Schools are allowed to request proof that children live within the boundaries of the district, for which they typically accept documents like copies of phone and water bills, lease agreements, and affidavits, the guidance says.
More detailed statistics from the US Census:
Robert Putnam is a researcher famous for his explorations of social capital, social cohesion, and diversity.
Putnam claims the US has experienced a pronounced decline in “social capital,” a term he helped popularize. Social capital refers to the social networks — whether friendships or religious congregations or neighborhood associations — that he says are key indicators of civic well-being. When social capital is high, says Putnam, communities are better places to live. Neighborhoods are safer; people are healthier; and more citizens vote.
But even after statistically taking them all into account, the connection remained strong: Higher diversity meant lower social capital. In his findings, Putnam writes that those in more diverse communities tend to “distrust their neighbors, regardless of the color of their skin, to withdraw even from close friends, to expect the worst from their community and its leaders, to volunteer less, give less to charity and work on community projects less often, to register to vote less, to agitate for social reform more but have less faith that they can actually make a difference, and to huddle unhappily in front of the television.”
“People living in ethnically diverse settings appear to ‘hunker down’ — that is, to pull in like a turtle,” Putnam writes.
In documenting that hunkering down, Putnam challenged the two dominant schools of thought on ethnic and racial diversity, the “contact” theory and the “conflict” theory. Under the contact theory, more time spent with those of other backgrounds leads to greater understanding and harmony between groups. Under the conflict theory, that proximity produces tension and discord.
Putnam’s findings reject both theories. In more diverse communities, he says, there were neither great bonds formed across group lines nor heightened ethnic tensions, but a general civic malaise. And in perhaps the most surprising result of all, levels of trust were not only lower between groups in more diverse settings, but even among members of the same group.
Race is real:
Because human races emerged through such subtle changes, it can be underwhelming to look at a single gene — to borrow an example from Razib Khan of Gene Expression, a variant might be present 40 percent of the time in one racial group but 45 percent of the time in another. But as Wade notes, these small differences add up quickly, and scientists can use these “ancestry informative” DNA markers to easily sort humans into population clusters — clusters that correspond almost perfectly to the casual classifications people have used since well before the genetic age.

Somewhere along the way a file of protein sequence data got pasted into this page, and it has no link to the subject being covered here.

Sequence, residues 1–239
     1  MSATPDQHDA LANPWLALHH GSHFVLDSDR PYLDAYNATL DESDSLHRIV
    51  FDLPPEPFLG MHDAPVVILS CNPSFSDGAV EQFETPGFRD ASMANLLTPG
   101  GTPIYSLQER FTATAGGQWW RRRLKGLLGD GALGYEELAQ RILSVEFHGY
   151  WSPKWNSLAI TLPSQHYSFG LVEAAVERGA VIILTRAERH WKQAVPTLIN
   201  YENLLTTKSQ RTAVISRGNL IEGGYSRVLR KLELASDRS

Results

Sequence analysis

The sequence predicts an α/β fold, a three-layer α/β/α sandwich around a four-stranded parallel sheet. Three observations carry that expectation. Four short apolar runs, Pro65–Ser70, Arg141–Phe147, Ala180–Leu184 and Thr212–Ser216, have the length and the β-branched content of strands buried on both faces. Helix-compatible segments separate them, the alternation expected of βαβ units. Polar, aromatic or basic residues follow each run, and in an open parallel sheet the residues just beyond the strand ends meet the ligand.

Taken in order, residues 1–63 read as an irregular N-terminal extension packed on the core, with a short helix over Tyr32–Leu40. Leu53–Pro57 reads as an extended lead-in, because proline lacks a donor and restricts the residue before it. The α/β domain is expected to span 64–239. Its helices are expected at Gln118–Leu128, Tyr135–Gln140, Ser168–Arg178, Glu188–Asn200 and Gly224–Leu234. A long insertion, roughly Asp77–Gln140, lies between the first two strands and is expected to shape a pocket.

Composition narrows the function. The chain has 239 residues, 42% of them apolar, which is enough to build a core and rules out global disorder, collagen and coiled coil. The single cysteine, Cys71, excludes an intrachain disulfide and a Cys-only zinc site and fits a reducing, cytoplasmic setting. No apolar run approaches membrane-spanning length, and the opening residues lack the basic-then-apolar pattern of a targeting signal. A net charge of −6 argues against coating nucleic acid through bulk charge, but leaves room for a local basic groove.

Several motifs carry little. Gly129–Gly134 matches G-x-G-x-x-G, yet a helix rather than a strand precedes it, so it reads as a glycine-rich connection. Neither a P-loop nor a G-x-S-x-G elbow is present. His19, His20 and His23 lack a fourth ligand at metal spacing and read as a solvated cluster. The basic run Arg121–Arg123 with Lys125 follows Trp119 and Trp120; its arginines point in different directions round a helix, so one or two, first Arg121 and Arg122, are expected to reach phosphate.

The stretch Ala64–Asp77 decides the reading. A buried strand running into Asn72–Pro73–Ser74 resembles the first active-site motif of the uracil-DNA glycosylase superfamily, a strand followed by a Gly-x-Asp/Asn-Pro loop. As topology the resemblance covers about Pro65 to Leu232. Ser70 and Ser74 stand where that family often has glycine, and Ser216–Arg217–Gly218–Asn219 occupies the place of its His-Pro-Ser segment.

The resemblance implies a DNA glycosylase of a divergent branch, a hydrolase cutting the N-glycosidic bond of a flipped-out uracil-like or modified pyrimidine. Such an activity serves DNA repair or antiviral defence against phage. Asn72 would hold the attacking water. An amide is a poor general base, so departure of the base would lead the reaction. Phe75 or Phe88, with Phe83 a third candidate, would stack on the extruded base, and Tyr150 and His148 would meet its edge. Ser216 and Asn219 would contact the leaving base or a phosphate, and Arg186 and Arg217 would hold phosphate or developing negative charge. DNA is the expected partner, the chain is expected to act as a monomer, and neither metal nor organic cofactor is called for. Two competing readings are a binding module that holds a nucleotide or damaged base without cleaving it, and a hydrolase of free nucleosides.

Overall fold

One can debate how broadly or narrowly to define the clusters — just how many races are there? — but it’s undeniable that human populations exhibit distinctive genetic patterns. Racial groupings are human decisions, and so is the social importance we attach to those groupings. But race, more broadly construed, is a feature of humanity itself.
People know their own racial and ethnic mix:
The study is by far the largest, consisting of 3,636 people who all identified themselves as either white, African-American, East Asian or Hispanic. Of these, only five individuals had DNA that matched an ethnic group different than the box they checked at the beginning of the study. That’s an error rate of 0.14 percent.
Ethnic differences are real and measurable:
We present a method to predict the ethnic origin of samples by comparing the sample genotypes with those from a reference set of samples of known origin. These predictions can be performed using just summary information on the known samples, and individual genotype data are not required.
Average IQs and other traits vary between racial, ethnic, and social class groups:
It was found that national IQs are correlated at 0.757 with real GDP (GrossDomestic Product) per capita 1998 and 0.706 with per capita GNP (Gross National Product)1998; and at 0.605 with the growth of per capita GDP 1950-90 and 0.643 with growth of percapita GNP 1976-98.
Physical appearance, including race, is coded in DNA:
Nearly every physical attribute we have can be predicted by looking at our DNA. That’s essentially what goes into the process of DNA Phenotyping.
For example, our DNA can tell scientists our eye color, skin color, hair color, ancestry, face shape, and much more. At Parabon Nanolabs, they use this information to create a predictive picture of the person in question.
“What we produce is not a photograph,” Greytak said. “And it never could be, because if that person went out and got a tattoo tomorrow, then what we produce will not look like them, or if they shave their head, or eat cheeseburgers for 20 years.”
He trusted the Left on spending cuts:
It happened to my father early in his first term when he sought to close a growing federal deficit caused by the deep economic recession. He believed Democrats in Congress would keep their pledge to make $3 in future spending cuts for every $1 in immediate tax increases.